On Friday, Michele Kang announced that she had acquired London City Lionesses FC, an independent club competing in the FA Women’s Championship. The English club is another “fundamental element” in its vision to develop its global multi-club organization, following its agreement earlier this year to take over OL Féminin and become owners of the Washington Spirit.
“As you can imagine, if you’re trying to build a preeminent women’s soccer organization, you have to be where the center of gravity is,” Kang said. Athleticism before Friday’s announcement. “England is certainly one of them. I was looking for an opportunity to land, and with London City Lionesses being the only independent team, it was a no-brainer.
Rather than having to convince a men’s club to allow Kang to separate her women’s team from the club structure, Kang is immediately able to launch into the second tier of women’s football in England, with one eye on the WSL.
“Obviously our goal is to get promoted,” Kang said with a smile.
This independent structure only came about because LCL founder Diane Culligan stepped in to help Millwall FC a few years ago as they struggled to finish the season on the women’s side. Culligan had already established herself independently in youth football.
While a standalone women’s team model is the norm in the United States and other countries, this is not the case in England, where many teams are attached to prominent men’s clubs.
“I think it’s fair to say that my ideas and the people who were running the club at the time were not compatible, and that’s when we decided to part ways,” said Culligan. “That’s how the London City Lionesses were born, and we went from there. The UK’s only truly independent professional women’s football club, if we’re talking about a professional game.
The Lionesses are currently ninth in the Championship table, although in the previous two seasons they finished second and third. Their head coach is Carolina Morace and home matches are played at Princes Park in Dartford, 19 miles southeast of central London.
“We are in the middle of the season, we are going to do everything we can to finish the season as successfully as possible,” Kang said. “We’re going to figure out where we can bring surgical help here, resource-wise, without disrupting what they’re doing.”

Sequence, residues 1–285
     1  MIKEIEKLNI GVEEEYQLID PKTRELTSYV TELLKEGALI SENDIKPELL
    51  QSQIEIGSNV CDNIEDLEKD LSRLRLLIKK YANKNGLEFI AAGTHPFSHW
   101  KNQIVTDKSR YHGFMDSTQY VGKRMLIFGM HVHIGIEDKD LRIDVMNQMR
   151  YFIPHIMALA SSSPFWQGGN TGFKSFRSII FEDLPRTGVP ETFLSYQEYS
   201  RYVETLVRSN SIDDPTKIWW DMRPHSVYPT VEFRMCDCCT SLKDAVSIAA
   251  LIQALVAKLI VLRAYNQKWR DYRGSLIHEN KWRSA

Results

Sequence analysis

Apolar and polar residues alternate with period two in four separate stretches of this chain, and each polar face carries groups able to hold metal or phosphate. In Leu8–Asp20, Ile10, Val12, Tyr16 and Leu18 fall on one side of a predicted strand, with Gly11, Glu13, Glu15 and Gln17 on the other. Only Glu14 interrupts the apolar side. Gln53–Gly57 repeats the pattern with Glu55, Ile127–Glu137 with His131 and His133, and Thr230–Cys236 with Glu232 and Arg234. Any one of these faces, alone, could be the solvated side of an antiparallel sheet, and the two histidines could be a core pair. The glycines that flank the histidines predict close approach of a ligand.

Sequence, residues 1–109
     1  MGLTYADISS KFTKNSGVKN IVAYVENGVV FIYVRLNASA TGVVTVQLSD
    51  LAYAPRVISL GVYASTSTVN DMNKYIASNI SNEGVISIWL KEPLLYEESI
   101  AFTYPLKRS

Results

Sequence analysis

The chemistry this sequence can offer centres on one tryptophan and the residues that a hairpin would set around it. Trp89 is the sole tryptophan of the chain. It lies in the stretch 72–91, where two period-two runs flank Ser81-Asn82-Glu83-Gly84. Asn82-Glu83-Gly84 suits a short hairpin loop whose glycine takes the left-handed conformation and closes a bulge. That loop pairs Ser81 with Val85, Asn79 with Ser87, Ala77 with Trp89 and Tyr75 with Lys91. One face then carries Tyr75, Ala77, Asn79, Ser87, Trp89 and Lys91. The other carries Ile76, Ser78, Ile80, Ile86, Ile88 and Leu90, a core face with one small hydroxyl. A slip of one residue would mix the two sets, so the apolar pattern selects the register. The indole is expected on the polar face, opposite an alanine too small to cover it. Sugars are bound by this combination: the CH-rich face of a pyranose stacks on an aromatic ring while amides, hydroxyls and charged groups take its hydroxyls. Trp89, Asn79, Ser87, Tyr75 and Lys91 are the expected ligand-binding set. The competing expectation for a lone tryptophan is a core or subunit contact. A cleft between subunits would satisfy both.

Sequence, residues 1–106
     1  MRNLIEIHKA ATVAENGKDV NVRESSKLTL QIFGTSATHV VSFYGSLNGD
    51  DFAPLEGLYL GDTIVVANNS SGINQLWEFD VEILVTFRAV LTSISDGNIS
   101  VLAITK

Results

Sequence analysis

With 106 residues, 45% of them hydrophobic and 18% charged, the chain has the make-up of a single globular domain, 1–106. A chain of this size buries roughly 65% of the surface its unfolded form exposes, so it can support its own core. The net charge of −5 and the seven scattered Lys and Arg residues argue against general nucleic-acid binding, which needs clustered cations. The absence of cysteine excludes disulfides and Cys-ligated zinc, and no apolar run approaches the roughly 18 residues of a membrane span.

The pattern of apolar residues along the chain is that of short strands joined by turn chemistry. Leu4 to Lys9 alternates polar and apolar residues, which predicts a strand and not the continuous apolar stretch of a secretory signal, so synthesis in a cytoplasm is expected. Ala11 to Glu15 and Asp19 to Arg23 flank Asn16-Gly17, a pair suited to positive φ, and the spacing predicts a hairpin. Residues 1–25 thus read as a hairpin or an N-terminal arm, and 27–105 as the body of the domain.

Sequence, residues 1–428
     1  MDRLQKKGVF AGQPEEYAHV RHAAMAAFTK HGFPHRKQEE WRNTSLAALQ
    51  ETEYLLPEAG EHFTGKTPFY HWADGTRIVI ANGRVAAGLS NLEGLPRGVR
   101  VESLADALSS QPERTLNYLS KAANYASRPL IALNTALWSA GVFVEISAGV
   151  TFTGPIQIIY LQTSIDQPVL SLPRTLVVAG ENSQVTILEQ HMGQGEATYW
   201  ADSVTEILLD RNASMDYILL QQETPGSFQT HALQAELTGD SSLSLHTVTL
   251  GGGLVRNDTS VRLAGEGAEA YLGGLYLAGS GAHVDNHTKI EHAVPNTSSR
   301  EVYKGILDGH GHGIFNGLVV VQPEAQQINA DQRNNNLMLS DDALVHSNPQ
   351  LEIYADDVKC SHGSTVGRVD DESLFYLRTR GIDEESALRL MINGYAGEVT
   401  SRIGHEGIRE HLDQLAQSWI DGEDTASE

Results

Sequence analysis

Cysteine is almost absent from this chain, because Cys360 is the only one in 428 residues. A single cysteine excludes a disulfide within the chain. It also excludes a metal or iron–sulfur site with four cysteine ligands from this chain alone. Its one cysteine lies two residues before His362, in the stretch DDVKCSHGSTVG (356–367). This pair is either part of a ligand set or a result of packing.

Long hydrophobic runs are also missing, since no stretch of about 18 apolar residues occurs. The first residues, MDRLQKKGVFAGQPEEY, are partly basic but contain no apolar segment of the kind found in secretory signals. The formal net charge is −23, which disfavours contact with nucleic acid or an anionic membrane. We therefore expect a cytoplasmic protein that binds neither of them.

As has always been his plan, the Lionesses will retain their brand and identity even with the acquisition – the same way Lyon and the Spirit operate. The addition of another team also means another point of justification for more centralized resources within the multi-club organization. “I can make the kind of large-scale investment that men’s teams can afford,” Kang said.
In May, Kang said Athleticism that its goal was to add three to five more teams by the end of 2023. Although the Lionesses are the only team it added this year, discussions are underway around the world about potential teams.
“We have ongoing conversations in Asia; it will definitely be the first part of next year,” Kang said. “We’re going to try to pick up where we left off.” She is still targeting other European countries, South America as well as Mexico, which she noted on Friday. Kang also said they have already initiated conversations in Africa.
In London City’s case, Kang wants to balance closing out the 2023-2024 season with a long-term strategy of not just promotion, but becoming a top team in the WSL and then winning it. The timing is promising from a commercial perspective, with the Premier Leagues moving to an independent structure outside the Football Association and under the management of NewCo in November. The Lionesses must first achieve promotion to achieve this reward, but Kang has shown in the past that she is prepared to invest for such a result.
“The NewCo model for the BWSL and BWC is a great example of how women’s sport will be promoted in England and around the world,” Kang said. “We need more investment focused solely on women’s football so that resources are not compromised.”
There’s also a massive example for Kang to consider regarding the potential of moving into a lower division: Wrexham. There has already been in-depth storytelling around a Championship club promoted to the WSL, with Liverpool producing a 90-minute documentary about their time in the WSL. But it’s hard to ignore the way “Welcome to Wrexham” has captured the attention and engagement of the lower divisions of English soccer here in the United States, and has also benefited the team’s new owner immensely.
When asked if that was on her mind, she couldn’t help but laugh before replying: “Absolutely.” That’s what we’re here for, and we’re absolutely going to write another chapter.
(Photo: Brad Smith/ISI Photos/Getty Images)